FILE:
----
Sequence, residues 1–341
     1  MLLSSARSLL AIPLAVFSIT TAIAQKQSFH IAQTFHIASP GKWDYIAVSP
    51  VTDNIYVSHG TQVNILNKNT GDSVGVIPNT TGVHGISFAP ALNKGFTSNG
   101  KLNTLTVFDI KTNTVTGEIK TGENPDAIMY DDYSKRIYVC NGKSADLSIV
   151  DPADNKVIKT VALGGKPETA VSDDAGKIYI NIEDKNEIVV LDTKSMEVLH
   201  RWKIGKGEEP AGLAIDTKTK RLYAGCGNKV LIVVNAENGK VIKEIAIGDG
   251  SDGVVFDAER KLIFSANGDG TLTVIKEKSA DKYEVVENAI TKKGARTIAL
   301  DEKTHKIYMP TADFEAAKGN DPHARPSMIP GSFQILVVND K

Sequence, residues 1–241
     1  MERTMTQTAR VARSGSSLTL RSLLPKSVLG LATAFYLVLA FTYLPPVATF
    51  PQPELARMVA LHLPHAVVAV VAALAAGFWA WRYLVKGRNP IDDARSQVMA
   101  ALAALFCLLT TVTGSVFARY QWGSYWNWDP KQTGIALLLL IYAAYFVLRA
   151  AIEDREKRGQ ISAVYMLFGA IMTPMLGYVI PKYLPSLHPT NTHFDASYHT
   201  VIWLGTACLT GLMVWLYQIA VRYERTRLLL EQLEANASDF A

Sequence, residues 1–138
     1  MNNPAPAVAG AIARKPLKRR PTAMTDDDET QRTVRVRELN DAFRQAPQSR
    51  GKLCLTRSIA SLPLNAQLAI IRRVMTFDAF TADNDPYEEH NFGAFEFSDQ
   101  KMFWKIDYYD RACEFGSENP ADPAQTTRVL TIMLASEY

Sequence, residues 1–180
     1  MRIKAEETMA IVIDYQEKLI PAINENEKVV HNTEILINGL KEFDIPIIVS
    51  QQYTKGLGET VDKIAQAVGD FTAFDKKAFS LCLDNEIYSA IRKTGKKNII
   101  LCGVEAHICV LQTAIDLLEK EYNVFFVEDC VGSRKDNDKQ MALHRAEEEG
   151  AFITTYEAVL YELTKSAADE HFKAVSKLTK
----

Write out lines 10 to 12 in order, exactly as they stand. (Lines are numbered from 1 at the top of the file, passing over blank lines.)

     1  MERTMTQTAR VARSGSSLTL RSLLPKSVLG LATAFYLVLA FTYLPPVATF
    51  PQPELARMVA LHLPHAVVAV VAALAAGFWA WRYLVKGRNP IDDARSQVMA
   101  ALAALFCLLT TVTGSVFARY QWGSYWNWDP KQTGIALLLL IYAAYFVLRA